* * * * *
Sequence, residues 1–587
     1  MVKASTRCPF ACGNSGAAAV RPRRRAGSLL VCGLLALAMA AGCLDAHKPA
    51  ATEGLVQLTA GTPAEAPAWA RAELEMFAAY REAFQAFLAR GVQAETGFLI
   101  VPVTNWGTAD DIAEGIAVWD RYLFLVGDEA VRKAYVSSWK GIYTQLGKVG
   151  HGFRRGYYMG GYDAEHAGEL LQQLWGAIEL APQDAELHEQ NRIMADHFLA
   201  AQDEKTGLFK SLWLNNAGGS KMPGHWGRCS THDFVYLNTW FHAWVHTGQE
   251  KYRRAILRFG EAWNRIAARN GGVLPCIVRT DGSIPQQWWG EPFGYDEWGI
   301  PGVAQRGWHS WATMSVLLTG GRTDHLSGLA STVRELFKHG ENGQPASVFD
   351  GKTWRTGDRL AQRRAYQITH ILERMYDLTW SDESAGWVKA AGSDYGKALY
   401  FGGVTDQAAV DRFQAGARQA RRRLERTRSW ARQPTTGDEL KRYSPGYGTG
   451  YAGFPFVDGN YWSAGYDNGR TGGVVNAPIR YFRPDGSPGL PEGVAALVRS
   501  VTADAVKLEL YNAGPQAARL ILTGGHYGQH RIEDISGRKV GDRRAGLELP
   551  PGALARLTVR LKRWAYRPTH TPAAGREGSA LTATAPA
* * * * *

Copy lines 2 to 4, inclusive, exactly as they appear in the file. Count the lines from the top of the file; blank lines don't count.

     1  MVKASTRCPF ACGNSGAAAV RPRRRAGSLL VCGLLALAMA AGCLDAHKPA
    51  ATEGLVQLTA GTPAEAPAWA RAELEMFAAY REAFQAFLAR GVQAETGFLI
   101  VPVTNWGTAD DIAEGIAVWD RYLFLVGDEA VRKAYVSSWK GIYTQLGKVG